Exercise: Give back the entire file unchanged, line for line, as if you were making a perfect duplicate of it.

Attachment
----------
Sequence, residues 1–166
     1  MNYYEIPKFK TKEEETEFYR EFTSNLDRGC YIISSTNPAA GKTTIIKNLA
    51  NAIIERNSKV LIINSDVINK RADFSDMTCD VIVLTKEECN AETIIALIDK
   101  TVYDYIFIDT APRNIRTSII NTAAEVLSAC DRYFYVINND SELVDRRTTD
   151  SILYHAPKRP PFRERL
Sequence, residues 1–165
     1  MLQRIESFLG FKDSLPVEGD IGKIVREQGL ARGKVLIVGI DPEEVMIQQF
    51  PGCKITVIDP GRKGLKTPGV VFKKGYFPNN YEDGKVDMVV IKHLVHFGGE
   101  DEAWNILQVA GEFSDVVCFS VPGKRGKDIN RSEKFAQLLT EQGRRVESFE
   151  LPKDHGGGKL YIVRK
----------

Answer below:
Sequence, residues 1–166
     1  MNYYEIPKFK TKEEETEFYR EFTSNLDRGC YIISSTNPAA GKTTIIKNLA
    51  NAIIERNSKV LIINSDVINK RADFSDMTCD VIVLTKEECN AETIIALIDK
   101  TVYDYIFIDT APRNIRTSII NTAAEVLSAC DRYFYVINND SELVDRRTTD
   151  SILYHAPKRP PFRERL
Sequence, residues 1–165
     1  MLQRIESFLG FKDSLPVEGD IGKIVREQGL ARGKVLIVGI DPEEVMIQQF
    51  PGCKITVIDP GRKGLKTPGV VFKKGYFPNN YEDGKVDMVV IKHLVHFGGE
   101  DEAWNILQVA GEFSDVVCFS VPGKRGKDIN RSEKFAQLLT EQGRRVESFE
   151  LPKDHGGGKL YIVRK